For weeks, Sebastian Mariscal’s Allston apartment project has been the talk of Boston.
His bold proposal to build 41 units on North Beacon Street — with no parking — spawned widespread news coverage and debate around the city. Mariscal eventually won city approval to construct a revised version of his project with a small number of parking spaces.
But in the days since, a small wrinkle has arisen: Mariscal does not own the North Beacon Street property where he pitched his controversial housing complex. A legal battle is now brewing between Mariscal and the property’s owner, who is considering selling it to another firm.
The Mount Vernon Co., a major local developer, said Monday that it has put 37-43 North Beacon under agreement and will build its own housing complex on the site.
“When this property was brought to us, we felt it fit perfectly with our company’s strategy of developing environmentally friendly residential communities,” said Bruce A. Percelay, chairman of Mount Vernon Co., which is also building the so-called Allston Green development project.
The sudden turn of events has rankled current residents and left city officials struggling to figure out who controls the site and what they are proposing to build.
Mariscal could not be reached for comment Monday. An employee at his company, Sebastian Mariscal Studios, issued a statement indicating that the property’s current owner, Arthur Toukhmanian, is trying to break a prior agreement to sell it.
“The seller’s attempt to cancel the contract is being contested,” the statement said. “We were told as recently as last week the property is not under agreement with anybody else. We can’t comment any further,” indicating the matter was subject to litigation.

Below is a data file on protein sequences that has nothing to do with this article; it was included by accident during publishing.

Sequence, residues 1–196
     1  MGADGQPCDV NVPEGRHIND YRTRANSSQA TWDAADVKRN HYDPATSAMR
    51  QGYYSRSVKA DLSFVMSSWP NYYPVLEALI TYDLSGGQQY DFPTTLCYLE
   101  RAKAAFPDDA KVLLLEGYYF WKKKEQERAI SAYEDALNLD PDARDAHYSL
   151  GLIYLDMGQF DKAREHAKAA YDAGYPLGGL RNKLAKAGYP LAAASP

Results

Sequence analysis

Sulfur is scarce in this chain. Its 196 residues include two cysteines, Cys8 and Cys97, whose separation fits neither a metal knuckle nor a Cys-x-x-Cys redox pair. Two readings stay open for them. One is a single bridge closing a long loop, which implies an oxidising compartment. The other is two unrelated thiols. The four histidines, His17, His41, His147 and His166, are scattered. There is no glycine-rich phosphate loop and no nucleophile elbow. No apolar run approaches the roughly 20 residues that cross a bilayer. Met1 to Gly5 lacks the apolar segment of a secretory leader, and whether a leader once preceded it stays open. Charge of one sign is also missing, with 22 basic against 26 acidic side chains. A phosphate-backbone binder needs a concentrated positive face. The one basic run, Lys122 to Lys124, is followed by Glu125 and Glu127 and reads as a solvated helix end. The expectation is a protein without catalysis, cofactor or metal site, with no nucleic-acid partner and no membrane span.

Reached by phone Monday, Toukhmanian said only, “We don’t know nothing for sure yet,” adding that he needed to speak with a lawyer before commenting further.
Mariscal, who has offices in Boston and California, won approval from the Boston Redevelopment Authority on March 14 to build 41 housing units in a stylish complex with 35 parking spaces.
Initially, he had proposed building the apartments without any parking, arguing Boston needs car-less housing to accommodate the growing number of young renters who prefer to bike or take public transit. Parking spaces, he argued, only add to the costs of the units.
But his utopian view clashed with some Allston neighbors who asserted that residents of the complex who own cars would end up parking on already clogged streets nearby.
The project began to unravel last week, when word circulated that another developer was interested in the property. A current tenant, Rachel Kopp, said she and others heard Mount Vernon Co. was buying the property instead, upending weeks of discussion with Mariscal.
“We’re caught in the middle of a developer’s war here and somebody should tell us what’s going on,” said Kopp. She said she is one of nine tenants living in a seven-bedroom house on the property.
A spokeswoman for the BRA said there is no requirement that developers prove ownership of a property before they propose to redevelop it. “It’s unfortunate time has been spent building consensus on the approved project at 37 North Beacon,” Melina Schuler said. “It’s privately owned land, so the BRA does not have purview to step in. Any new developer would be required to submit filings and go through the community process again.”
Mount Vernon Co. is currently turning a two-block section of Brainerd Road and nearby Commonwealth Avenue into one of the largest housing developments in Allston. The $125 million Allston Green project includes 500 residences featuring an array of environmental features, from recycled materials to energy efficient appliances, to conservation measures such as water meters for individual apartments.
Casey Ross can be reached at email@example.com.